Food Safety Progress with Blockchain

Blockchain and Food Safety

I have studied blockchain a little, and can see great utility in its universal un-dilutable universal ledger approach. It is horribly data inefficient, but with incredible strides in memory systems, why not waste all available resources, an IT priority I hate.

Someone came up with a fantastic use for this technology. Food Safety chain problem tracking.

The first food poisoning cases came to light in late March: Eight patrons of fast-food restaurants in New Jersey suffered bloody diarrhea and cramps that sent them rushing to hospitals. More than two months later, one person is dead in California, 75 others have been hospitalized, and federal authorities still don’t know where a nasty strain of E. coli bacteria latched on to romaine lettuce from Yum a, Ariz. Their struggle to trace dozens of supply lines across 32 states, on a paper trail that often might actually be on paper, demonstrates the limits of tracing food by methods rooted in another century.

Food safety advocates and industry insiders say it may be time to borrow the encrypted accounting platform that drives crypto currency: block chain. Blockchain, the encrypted accounting platform, may have helped solve the mystery of the nationwide romaine lettuce E. coli outbreak.

“I often describe that as food trace ability at the speed of thought: As quickly as you can think it, we can know it,” said Frank Yi annas, vice president of food safety for Walmart, which is scaling up an IBM-driven pilot block chain that already includes top suppliers such as Uni lever, NestlĂ© and Dan one.

Not long ago, Yi annas, who guards the integrity of food in Walmart’s $280 billion grocery empire, would have brushed off the notion of an instantly “knowable” and verifiable food chain as fantasy. He heard about it two years ago, when Walmart was about to open a food safety institute in China, where 10 years ago a baby formula adulteration scandal sickened 54,000 babies.

“Up until that point I only knew that it was the technology behind bit coin,” Yiannas said. “I will tell you I was a bit of a skeptic, just like many people are about the technology.” Block chain, for all its cloak-and dagger associations, is basically a democratized accounting system made possible by advances in data encryption. Rather than storing proprietary data behind traditional security walls, companies contribute encrypted blocks of data to a “distributed” ledger that can be monitored and verified by each farmer, packer, shipper, distributor, wholesaler and retailer of produce. No one can make a change without everyone knowing, and agreeing to it.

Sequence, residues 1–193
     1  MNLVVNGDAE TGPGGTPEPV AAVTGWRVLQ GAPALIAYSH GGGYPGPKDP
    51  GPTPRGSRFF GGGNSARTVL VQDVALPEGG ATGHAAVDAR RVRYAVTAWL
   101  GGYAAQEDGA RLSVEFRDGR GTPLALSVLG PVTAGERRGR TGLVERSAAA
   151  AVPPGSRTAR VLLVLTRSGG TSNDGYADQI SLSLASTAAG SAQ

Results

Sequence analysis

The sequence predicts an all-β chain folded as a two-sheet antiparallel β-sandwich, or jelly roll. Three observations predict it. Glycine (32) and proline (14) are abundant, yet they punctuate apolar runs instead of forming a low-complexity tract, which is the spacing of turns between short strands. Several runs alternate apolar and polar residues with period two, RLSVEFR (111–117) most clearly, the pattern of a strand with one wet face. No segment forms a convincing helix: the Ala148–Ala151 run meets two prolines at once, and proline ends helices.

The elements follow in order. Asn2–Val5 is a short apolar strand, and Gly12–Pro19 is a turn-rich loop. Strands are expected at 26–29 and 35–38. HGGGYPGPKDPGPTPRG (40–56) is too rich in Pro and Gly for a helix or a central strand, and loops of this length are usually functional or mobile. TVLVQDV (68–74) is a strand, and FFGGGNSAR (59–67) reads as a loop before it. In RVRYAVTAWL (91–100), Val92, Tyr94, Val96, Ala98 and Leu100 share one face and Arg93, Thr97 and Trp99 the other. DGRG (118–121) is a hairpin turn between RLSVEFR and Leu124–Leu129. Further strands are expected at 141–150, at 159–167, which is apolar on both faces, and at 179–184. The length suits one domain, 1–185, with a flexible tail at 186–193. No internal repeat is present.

“If I want to change something or fudge something on my version of the ledger, I then have to share it with everybody else, and they all have to agree to that,” Yiannas said. “You can’t have two separate sets of books. It’s one set of books that everyone sees.”

As it stands, no one can see the entire path from farm to fork. Each time a food-borne illness breaks out-which tends to happen around 900 times a year-investigators have to work their way backward, one link at a time, from victims to fields, tracing multiple paths across separate companies and sometimes across international borders. This would generate great strides in this nearly unmanageable problem.

“It’s very linear, but the food system as we know is not very linear,” Yiannas said. That linear approach can cost lives and waste billions of dollars in health care costs, lost work hours and trashed food every year, health officials and analysts say. Food borne illnesses can cost the economy $152 billion a year, with tainted produce
responsible for a quarter of that damage, according to a Pew Charitable Trust study.

“To say to consumers that you shouldn’t be consuming romaine lettuce if it came from the Yum a area [a leader in organic farming], and yet that information at the point of consumption or the point of purchase isn’t readily available or obvious to the consumer, then that’s a problem,” said Step hen Ostroff, deputy commissioner for food and veterinary medicine at the U.S. Food and Drug Administration.

Block chain, first developed in the 1990s, was considered some dark art in the world ofcrypto currency in 2010, when Congress passed the Food Safety Modernization Act,the first major overhaul of the nation’s deeply fragmented food safety regulation since the 1930s.

The law required the FDA to identify high-risk foods and require companies to keep better records of them. The agency has yet to write those rules-and they have been further delayed by the Trump administration’s wholesale rollback of regulation. I hope that nobody falls out of their chair from this revelation.

Seven years after the enactment of FSMA, the FDA has yet to carry out Congress’s mandate to create a list of high-risk foods and issue a proposed rule for enhanced record keeping,” a coalition of food safety advocates said in a letter to the agency recently.

The groups noted that leafy greens were responsible for more cases of E. coli illness than any other produce-a general category that accounted for half or more of the outbreaks of listeria, E. coli and salmonella, and a third of the campylobacter outbreaks reported from 2009 to 2013.

Ostroff said implementing the remaining FSMA regulations “would help, but it wouldn’t necessarily solve the problem” presented by such a broad outbreak.

No one solution will. only cocktails of efforts will better address food safety issues.

Parts of this article taken from an article by BY GEOFFREY MOHAN LOS ANGELES TIMES